March 09, 2002

Came across a little story about what might be the oldest red-eared slider turtle on record. The turtle was originally purchased in a drugstore forty years ago, and its longevity is the equivalent of me keeping one of the many goldfish I won at carnivals alive longer than a week.

Anyway, the part of the story that caught my attention was this:
"It's really incredible," said [Mike] Conley, who now lives in Dallas. "I tell people — when it comes up in the conversation — 'Remember those itty-bitty, quarter-size turtles you got at the drugstore? I still have mine.'
I love that "when it comes up" Conley threw in the middle of that quote. Do you maybe get the feeling that Conley is a guy who somehow makes the subject of drugstore turtles come up in conversations just a little more often than it normally would have?
Friend: Mike, can you pass the salt?
Mike Conley: [mumbling under breath] Turtles....
Friend: Um...what? Can you pass the salt, please?
Mike Conley: [mumbling a little louder] Turtles....
Friend: Turtles? What do you mean, tur—
Mike Conley: Hey! Did somebody say turtles! Did I ever tell you about this turtle my parents got me when I was a kid?!
UPDATE: The Red-Eared Slider Turtle: A Life

An Opera written by Mr. Mike Whybark

Act One.

The CHILD, playing in the sunny afternoon, sings an aria of innocence and love, yearning for life, and so forth, entitled " A Lizard in the Sun". The time frame, early 1970's, is set with pop culture references within the libretto. As he finishes, enter MOM and DAD, with a Mysterious Box.

MOM and DAD sing a duet in which themes from the CHILD's aria are echoed and inverted, with darkenings and intimations of the richer life experience that awaits, "We Love our Little Egg".

Then, as they finish, and as their song turns to themes of the meaning of love and the point of life, they turn, and portentously bestow the Mysterious Box on the CHILD, who rejoices and rushes to the arms of his loving parents as the curtain falls.

Act Two:

A few minutes later. We are within the Mysterious Box, which is darkened. A slow, stately theme introduces the scene. As the lights come up, MR. RED EARS bestirs his turtly self and sings a turgid, yet moving melody, entitled "Slow and Steady Wins the Race", which is a reflection upon the interconnectedness of life and his kinshp to the majestic Sea Turtles, who may live for hundreds upon hundreds of years in the open oceans. MR. RED EARS projects his aspirations for life and freedom onto these nearly immortal creatures much as the CHILD projects upon MOM and DAD. The theme of immorality, freedom, and the promise of life is foreshadowing, naturally.

As MR. RED EARS concludes his song, the lights come up on the right of the stage, where we can see that the CHILD is opening his Mysterious Box. Stagecraft allows us to recognize that the Mysterious Box contains MR. RED EARS.

MR. RED EARS and the CHILD then sing a duet of first encounters and of childlike exploration, "Box Turtle, Snapping Turtle, Mock Turtle"
in which each recognizes the child in the other and which concludes in a heartbreakingly hopeful finale emphasizing the bright promise of
childhood friendship.

A third song, a largely comic number entitled "Won't You Come Out of Your Shell Today", expostulates the deepening turtle-toddler bond and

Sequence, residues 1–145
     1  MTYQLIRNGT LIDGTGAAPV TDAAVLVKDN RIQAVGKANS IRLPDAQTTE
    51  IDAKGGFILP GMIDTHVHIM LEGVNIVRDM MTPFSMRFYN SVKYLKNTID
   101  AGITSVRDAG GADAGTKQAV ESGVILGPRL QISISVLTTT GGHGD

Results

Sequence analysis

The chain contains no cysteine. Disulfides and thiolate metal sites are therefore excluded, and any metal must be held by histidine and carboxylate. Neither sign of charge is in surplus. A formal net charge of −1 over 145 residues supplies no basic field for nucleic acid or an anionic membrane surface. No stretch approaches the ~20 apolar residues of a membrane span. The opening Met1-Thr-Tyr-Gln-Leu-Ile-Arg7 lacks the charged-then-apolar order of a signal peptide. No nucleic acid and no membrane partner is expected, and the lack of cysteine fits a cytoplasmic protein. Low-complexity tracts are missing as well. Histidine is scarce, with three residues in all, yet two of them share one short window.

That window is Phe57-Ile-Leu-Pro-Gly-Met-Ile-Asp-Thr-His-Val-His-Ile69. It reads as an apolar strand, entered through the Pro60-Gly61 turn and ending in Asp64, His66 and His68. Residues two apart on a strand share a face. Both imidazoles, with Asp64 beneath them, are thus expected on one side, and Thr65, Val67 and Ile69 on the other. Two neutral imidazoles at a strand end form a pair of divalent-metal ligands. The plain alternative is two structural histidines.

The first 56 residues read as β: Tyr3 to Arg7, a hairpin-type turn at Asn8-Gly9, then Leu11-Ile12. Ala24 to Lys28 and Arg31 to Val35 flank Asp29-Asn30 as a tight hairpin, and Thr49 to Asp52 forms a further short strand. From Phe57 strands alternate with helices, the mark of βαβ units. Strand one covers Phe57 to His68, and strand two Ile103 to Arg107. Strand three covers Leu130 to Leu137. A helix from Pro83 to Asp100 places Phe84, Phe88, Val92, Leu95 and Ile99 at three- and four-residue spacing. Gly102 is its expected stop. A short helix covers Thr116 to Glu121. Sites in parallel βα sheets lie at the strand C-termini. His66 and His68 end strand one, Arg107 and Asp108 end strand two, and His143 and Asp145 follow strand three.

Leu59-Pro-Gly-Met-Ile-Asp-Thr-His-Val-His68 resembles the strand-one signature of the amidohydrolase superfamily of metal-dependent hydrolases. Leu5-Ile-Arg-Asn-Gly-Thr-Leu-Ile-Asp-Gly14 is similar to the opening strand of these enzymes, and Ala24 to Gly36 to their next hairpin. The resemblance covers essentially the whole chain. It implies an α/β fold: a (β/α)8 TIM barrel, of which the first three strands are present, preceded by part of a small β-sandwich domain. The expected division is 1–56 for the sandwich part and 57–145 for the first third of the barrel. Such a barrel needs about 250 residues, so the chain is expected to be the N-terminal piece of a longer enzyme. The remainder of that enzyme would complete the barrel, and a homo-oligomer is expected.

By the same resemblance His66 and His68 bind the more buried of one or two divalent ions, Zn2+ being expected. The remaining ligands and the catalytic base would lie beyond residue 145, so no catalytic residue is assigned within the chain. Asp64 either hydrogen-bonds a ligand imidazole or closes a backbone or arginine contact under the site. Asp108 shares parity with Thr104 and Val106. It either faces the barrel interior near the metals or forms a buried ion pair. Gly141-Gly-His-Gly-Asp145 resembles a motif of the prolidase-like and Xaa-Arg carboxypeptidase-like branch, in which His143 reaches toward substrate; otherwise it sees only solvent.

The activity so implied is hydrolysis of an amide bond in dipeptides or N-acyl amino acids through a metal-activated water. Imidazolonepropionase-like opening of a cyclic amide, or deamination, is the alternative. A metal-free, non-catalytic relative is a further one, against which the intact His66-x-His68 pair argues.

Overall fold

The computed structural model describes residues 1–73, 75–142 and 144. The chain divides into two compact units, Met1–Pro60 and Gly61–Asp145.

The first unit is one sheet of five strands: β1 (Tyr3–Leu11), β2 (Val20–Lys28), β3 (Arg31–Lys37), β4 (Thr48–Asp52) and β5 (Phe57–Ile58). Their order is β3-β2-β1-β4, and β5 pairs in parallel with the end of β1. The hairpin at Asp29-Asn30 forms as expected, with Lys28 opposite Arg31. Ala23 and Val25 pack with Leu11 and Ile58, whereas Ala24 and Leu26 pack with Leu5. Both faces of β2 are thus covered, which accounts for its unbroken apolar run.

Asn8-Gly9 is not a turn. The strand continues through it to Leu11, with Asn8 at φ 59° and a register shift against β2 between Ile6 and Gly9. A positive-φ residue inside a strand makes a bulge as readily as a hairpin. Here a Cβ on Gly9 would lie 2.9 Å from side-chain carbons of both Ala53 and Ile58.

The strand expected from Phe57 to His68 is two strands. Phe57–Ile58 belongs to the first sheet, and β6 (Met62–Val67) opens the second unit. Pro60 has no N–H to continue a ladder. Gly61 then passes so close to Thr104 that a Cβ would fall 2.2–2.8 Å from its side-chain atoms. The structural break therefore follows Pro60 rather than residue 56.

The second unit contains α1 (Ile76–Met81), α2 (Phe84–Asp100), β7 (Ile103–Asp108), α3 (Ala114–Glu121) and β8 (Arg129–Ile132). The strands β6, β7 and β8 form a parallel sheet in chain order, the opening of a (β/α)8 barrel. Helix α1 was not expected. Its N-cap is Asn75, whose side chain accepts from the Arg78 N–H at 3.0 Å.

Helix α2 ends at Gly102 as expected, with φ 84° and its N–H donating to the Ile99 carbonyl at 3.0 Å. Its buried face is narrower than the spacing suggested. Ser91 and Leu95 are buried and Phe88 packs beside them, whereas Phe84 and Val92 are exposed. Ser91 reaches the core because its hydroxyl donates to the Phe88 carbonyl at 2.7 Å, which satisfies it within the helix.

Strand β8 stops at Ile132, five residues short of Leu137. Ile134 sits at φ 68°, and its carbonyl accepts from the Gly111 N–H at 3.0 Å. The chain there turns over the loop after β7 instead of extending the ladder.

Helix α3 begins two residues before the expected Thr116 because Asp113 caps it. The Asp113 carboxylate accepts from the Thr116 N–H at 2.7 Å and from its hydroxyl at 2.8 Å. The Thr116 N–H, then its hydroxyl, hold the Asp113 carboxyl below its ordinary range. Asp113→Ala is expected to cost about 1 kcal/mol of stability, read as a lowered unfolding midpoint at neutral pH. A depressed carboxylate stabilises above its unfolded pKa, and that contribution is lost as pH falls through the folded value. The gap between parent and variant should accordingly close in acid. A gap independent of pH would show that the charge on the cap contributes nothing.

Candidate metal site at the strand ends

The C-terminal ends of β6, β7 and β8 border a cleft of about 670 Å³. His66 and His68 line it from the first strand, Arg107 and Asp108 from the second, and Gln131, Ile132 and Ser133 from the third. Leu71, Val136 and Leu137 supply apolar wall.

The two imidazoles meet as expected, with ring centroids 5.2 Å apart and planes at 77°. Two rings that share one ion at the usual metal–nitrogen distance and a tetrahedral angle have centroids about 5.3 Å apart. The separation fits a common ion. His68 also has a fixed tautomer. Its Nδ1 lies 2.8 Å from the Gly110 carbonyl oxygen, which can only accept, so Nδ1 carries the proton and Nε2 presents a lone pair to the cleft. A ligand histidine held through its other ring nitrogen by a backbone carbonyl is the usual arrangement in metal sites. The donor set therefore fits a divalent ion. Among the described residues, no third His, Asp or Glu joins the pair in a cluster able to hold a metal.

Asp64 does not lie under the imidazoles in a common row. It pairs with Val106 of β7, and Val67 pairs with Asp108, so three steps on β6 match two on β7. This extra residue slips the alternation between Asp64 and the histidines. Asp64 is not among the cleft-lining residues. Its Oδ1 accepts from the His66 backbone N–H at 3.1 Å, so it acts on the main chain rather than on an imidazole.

relates the long history of the human-turtle relationship, of their long walk together from the caves of prehistory to the arc-lights of modernity. It concludes as MOM and DAD call the CHILD away for dinner, and MR. RED EARS ends the song again alone on stage, in a frisson of foreboding and loneliness, now aware of his hunger for love and need for companionship.

act three:

The CHILD enters and engages MR. RED EARS with a jolly tune that begins with echoes of the themes brightly voiced in "Shell", yet MR. RED EARS is sluggish, and evinces a growing suspicion of the CHILD's motives and expresses jealousy of the time the CHILD spends with MOM and DAD in a darker number titled "Shell Game". In hurt, confused, possibly falling prey to turtle tuberculosis, MR. RED EARS nips the CHILD who flees in confusion, pain, and worry. MR. RED EARS falls to the floor of his plastic aquarium in a faint beneath the plastic palm tree. as the music expresses fantastic romantic anguish.

The CHILD returns in the company of MOM and DAD who protectively prevent the CHILD from approaching the dying reptile, and sing a biting number in which they assign various parental failings upon the tragic shelled creature to the CHILD's increasing discomfort while at the same time professing deep care and compassion for the turtle. They recognize their helplessness and falsity and lie out right to the CHILD, in the end exiting stage right 'to fetch the veterinarian.'

The CHILD takes faltering steps toward the mortally-stricken pet, and the beast sings a heartrending farewell in which he hallucinates a return to the open ocean and a final joining with the Sea Turtles, dying, at last, in the arms of the sobbing CHILD. A silence permeates the stage and audience; The child then rises and swears eternal cynicism and enmity to life, God, and the future, expressing his shattering disillusionment and enunciating as his new religious and spiritual practice absolute nihilism unto the end of his days. The libretto here strips the mask and directly condemns the audience, in an apparent attempt to alienate the audience from the production.

In later productions, this closing number is frequently replaced with a song in which the Sea Turtles actually DO come and waft the body of
the dead MR RED EARS away in a cloud of beshelled puttis as the CHILD waves a teary-eyed, smiling farewell.

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